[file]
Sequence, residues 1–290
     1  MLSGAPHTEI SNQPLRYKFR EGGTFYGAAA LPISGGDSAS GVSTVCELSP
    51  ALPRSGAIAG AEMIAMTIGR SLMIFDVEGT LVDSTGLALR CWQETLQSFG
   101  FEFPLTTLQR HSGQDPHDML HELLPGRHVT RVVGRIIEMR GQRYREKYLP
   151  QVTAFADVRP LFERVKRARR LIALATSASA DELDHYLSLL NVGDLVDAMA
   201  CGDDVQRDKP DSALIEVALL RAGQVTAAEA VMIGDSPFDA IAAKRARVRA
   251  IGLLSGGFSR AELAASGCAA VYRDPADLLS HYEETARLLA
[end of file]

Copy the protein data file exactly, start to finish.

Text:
Sequence, residues 1–290
     1  MLSGAPHTEI SNQPLRYKFR EGGTFYGAAA LPISGGDSAS GVSTVCELSP
    51  ALPRSGAIAG AEMIAMTIGR SLMIFDVEGT LVDSTGLALR CWQETLQSFG
   101  FEFPLTTLQR HSGQDPHDML HELLPGRHVT RVVGRIIEMR GQRYREKYLP
   151  QVTAFADVRP LFERVKRARR LIALATSASA DELDHYLSLL NVGDLVDAMA
   201  CGDDVQRDKP DSALIEVALL RAGQVTAAEA VMIGDSPFDA IAAKRARVRA
   251  IGLLSGGFSR AELAASGCAA VYRDPADLLS HYEETARLLA